inmates

During Monday night’s CNN town hall, South Bend, Indiana mayor Pete Buttigieg got applause for saying inmates should not be allowed to vote. One black student in the audience was clearly appalled.

Kenya Hunter, a journalism graduate student at Emerson College, was in attendance during the back-to-back CNN town halls in Manchester, New Hampshire. Earlier in the evening, Hunter asked Senator Bernie Sanders (I-Vermont) about how he planned to address the yawning racial wealth gap, specifically if he supported reparations for slavery (Sanders said he supports a bill sponsored by Rep. Sheila Jackson Lee (D-Texas) which would conduct a study for what reparations would look like). Hunter tweeted that she felt Sanders’ answer was not enough.

However, Hunter went viral once again Monday night during Buttigieg’s town hall, when moderator Anderson Cooper asked the candidate whether or not he agreed with Sanders’ position that felons — including those whom were still incarcerated — should be allowed to vote. Buttigieg flatly responded that currently incarcerated inmates should not be allowed to vote, prompting the mostly white audience to clap and cheer. Hunter’s expression of shock and dismay made it into the shot at the 0:38 mark of CNN’s tweet of the exchange. MiddleEastEye correspondent Ali Harb’s tweet of Hunter’s reaction got nearly 20,000 likes.

The question of whether or not formerly incarcerated felons should be allowed to vote most recently appeared on the November 2018 ballot in Florida, where it overwhelmingly passed, despite Republicans like Governor Ron DeSantis and Senator Rick Scott (R-Florida) narrowly winning elections while opposing that same ballot question. However, Sanders’ 2020 campaign is now pushing the discussion toward allowing current inmates to vote, even while incarcerated, saying that a fundamental right of citizenship is the right to vote.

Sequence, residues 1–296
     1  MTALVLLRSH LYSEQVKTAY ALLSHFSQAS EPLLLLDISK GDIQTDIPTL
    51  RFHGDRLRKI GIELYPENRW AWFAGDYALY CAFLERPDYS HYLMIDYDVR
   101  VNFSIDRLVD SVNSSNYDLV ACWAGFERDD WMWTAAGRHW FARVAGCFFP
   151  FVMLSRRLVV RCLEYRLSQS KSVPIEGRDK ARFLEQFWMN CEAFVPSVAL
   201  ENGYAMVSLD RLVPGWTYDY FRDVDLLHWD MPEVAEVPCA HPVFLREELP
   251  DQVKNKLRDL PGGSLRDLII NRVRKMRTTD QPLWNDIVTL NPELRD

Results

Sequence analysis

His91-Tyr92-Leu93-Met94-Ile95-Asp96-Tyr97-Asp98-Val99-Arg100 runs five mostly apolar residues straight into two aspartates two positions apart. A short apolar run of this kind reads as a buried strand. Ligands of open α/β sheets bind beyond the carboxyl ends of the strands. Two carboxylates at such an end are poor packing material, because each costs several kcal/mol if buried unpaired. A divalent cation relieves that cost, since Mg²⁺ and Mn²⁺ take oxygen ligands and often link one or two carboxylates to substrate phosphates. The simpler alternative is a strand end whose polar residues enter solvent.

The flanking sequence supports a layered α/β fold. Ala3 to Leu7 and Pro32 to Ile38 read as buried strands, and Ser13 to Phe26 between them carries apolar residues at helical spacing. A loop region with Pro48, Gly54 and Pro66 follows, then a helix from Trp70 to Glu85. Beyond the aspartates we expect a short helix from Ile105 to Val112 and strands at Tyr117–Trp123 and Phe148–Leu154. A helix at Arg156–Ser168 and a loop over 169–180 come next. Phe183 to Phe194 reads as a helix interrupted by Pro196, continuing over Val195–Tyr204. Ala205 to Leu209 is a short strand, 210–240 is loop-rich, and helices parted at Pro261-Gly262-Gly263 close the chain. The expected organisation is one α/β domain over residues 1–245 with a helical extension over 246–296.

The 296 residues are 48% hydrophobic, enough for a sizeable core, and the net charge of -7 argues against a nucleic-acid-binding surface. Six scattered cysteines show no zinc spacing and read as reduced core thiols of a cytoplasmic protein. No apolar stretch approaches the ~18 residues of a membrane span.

Legal precedent for disenfranchising felons dates back to the Ratliff v. Beale case in Mississippi Supreme Court in 1896, in which African Americans recently freed from slavery were described as having a “previous condition of servitude and dependence,” and were referred to as “docile people, but careless, landless, and migratory.” Chief Justice Tim Cooper, while ruling on a poll tax not related to the case, admitted that Mississippi deliberately discriminated against African-Americans’ perceived characteristics “and the offenses to which its weaker members were prone.”

Felon disenfranchisement remains one of the last relics of the Jim Crow era to remain in place in many states. According to the National Conference of State Legislatures, there are currently 12 states that do not allow former felons to vote, even after completing their sentences. However, currently incarcerated felons are not allowed to vote in 48 of 50 states (Maine and Vermont are the lone exceptions).

 

Carl Gibson is a politics contributor for Grit Post. His work has previously been published in The Guardian, The Washington Post, The Houston Chronicle, Al-Jazeera America, and NPR, among others. Follow him on Twitter @crgibs or send him an email at carl at gritpost dot com.

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